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Home / Medien / How to forge a strong GDPR learning campaign

How to forge a strong GDPR learning campaign


We’re just weeks away from GDPR (General Data Protection Regulation) coming into effect.  But, if you’re still unsure about the best training strategy to make sure everyone in your organisation is ready, you’re far from alone.

The recent events at Facebook are a wake-up call to anyone who believes data protection isn’t important and that implementing measures to meet the regulations is something that can wait.

GDPR tightens existing laws and provides added data protection safeguards for individuals, so organisations need to be as watertight as possible. You’re not just safeguarding data, you’re also safeguarding your reputation and people’s trust in you.

GDPR requires ‘data protection by design and default’. So it’s not just about processes, it’s also about providing training and awareness for colleagues. With something as significant as this, the training can’t simply be a ‘one and done’ exercise. Employees will need ongoing support.

Smart companies are adopting a ‘holistic’ approach to GDPR training, using a multi-discipline learning campaign to get everyone on board at the start and to create a compliance culture for the long-term. With GDPR, it’s advised that everyone, including HR, L&D and even the Board undergo the training alongside employees.

The anatomy of a GDPR learning campaign

An effective learning campaign has three phases:


Physical symbols in the workplace environment, like posters and banners, are great for signposting in a positive way that change is coming. Most importantly, it’s your chance to let staff know they will have the support they need to move through the change successfully and confidently.


The ‘go, go, go’ phase, where the big push of the learning goes live.  It’s a good idea to get this phase under way with a launch event because it grabs attention and inspires enthusiasm. The launch is followed up by a variety of tactics to keep people motivated while they’re learning.


This phase is particularly important for ongoing topics such as GDPR. You don’t want the learning to slip from minds, with the potential risks involved in the event of a lapse. Again, signpost refresher sessions clearly, so staff know this is part of the same learning campaign.

"You’re not just safeguarding data, you’re also safeguarding your reputation and people’s trust in you."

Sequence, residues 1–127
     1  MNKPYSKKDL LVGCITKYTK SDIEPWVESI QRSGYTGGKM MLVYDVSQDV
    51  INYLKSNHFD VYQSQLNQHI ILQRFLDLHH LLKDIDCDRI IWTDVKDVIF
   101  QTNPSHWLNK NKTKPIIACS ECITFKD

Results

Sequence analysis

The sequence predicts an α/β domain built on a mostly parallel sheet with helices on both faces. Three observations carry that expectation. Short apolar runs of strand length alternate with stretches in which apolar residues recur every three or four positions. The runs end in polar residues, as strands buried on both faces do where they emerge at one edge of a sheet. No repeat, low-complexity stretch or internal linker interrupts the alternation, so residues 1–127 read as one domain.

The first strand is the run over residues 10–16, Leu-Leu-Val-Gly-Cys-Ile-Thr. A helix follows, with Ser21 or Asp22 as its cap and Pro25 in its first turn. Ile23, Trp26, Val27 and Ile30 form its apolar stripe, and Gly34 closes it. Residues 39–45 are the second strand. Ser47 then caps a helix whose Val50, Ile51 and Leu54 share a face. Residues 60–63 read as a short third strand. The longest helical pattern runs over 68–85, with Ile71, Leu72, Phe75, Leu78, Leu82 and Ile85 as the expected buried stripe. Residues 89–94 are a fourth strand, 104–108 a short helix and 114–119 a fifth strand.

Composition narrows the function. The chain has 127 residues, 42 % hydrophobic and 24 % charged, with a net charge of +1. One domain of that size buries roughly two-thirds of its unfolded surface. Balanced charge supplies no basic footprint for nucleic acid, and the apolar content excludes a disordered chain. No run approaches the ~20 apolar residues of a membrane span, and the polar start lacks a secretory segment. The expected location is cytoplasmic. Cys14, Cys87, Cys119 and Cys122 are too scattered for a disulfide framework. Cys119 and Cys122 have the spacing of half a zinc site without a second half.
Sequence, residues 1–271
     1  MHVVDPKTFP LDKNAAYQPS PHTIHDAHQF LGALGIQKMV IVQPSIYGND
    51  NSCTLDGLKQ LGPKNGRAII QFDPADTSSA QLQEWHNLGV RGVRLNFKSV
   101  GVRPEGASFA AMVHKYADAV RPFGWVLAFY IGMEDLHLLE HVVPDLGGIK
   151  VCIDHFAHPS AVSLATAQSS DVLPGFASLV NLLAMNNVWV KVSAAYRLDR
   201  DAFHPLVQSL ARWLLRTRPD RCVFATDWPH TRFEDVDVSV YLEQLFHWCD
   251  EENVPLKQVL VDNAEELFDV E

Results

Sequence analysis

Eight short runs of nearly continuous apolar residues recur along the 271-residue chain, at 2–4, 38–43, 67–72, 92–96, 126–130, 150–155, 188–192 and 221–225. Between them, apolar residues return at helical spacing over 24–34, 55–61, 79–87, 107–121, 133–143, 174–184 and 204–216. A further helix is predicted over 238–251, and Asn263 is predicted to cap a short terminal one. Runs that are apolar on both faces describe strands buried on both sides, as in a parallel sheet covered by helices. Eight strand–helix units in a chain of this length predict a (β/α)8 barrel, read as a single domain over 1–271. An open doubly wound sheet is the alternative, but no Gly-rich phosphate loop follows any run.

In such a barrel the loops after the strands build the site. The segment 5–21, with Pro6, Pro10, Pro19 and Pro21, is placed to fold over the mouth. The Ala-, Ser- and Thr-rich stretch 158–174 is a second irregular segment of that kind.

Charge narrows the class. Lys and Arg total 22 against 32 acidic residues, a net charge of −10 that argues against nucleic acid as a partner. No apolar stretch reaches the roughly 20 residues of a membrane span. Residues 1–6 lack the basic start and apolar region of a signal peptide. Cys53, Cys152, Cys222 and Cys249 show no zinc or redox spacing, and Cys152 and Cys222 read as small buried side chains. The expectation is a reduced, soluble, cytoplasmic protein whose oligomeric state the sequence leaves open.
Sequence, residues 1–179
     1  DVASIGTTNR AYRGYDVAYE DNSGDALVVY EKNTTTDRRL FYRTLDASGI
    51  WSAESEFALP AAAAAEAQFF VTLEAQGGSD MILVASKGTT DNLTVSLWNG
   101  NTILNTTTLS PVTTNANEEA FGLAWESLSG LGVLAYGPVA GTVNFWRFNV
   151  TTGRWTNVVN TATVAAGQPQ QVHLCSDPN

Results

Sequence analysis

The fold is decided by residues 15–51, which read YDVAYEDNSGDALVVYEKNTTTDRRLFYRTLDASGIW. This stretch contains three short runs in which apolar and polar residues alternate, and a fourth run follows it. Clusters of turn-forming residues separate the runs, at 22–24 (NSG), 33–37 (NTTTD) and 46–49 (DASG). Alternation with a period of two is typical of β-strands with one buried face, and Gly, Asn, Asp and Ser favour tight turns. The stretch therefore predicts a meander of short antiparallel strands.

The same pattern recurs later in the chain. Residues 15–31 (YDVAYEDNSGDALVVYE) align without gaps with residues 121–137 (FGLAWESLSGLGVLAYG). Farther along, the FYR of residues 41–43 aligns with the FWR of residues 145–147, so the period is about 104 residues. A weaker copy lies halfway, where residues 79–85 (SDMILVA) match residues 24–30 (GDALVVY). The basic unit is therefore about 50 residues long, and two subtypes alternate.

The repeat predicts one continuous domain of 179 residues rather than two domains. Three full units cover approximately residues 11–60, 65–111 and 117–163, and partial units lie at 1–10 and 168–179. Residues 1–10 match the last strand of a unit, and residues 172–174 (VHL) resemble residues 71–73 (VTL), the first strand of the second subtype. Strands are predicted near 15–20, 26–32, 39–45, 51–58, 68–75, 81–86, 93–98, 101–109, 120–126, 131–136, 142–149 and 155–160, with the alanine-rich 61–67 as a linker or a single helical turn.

Activities that work well in the three phases

You want to kick start the campaign in a way that engenders ‘buy-in’ from employees, so banners, balloons and social media are all good tools to make an impact during the preparation stage. At the same time, team leader training will give them the knowledge and skills they need to be able to support their teams through all the phases of learning.

One of the advantages of a learning campaign is that during the activation phase, you can include a range of activities that keeps the learning fresh and has a ‘something for everyone’ feel. The mix, for example, could include daily learning hubs, microlearning, practice, coaching and a learning game.

A game is a particularly powerful tool for the activation phase of a learning campaign because it offers a user-friendly way to engage people in a complicated topic, such as GDPR.  Through the game play people learn and practice what they need to know.  Sponge has developed a game specifically for GDPR, which is suitable for all low risk employees. GDPR – Sorted! is experiential, allowing players to apply their knowledge and make decisions that mirror real life GDPR challenges.

The sustain phase will keep the learning going throughout the duration of the campaign, with activities such as continuous reinforcement and coaching. Topic refreshers every four to six weeks also help to instil the learning.  Appointing GDPR champions, who can answer questions and motivate colleagues, helps to maintain the momentum.

Finally, measuring success and proving impact should be an ongoing commitment in the campaign. Choose the tools that enable your organisation to measure people’s growing knowledge on GDPR, their behaviours on the job and how this affects data protection and compliance in the business.


The introduction of GDPR on 25 May will affect all organisations and all staff to a greater or lesser degree. Using a carefully constructed learning campaign with a variety of activities over time is the most effective way to ensure everyone understands what they need to know.

For inspiration, take a look at how a blended learning campaign by Sponge transformed customer satisfaction results at AXA Business Insurance.  Customer advisors at the company’s contact centre in the UK took part in the triple award-winning Inspiring Customer First learning campaign in 2017. Positive customer comments and top-rated calls both doubled, while formal complaints dropped by 24%.

The workplace challenge might be different but the anatomy of the campaign is the same.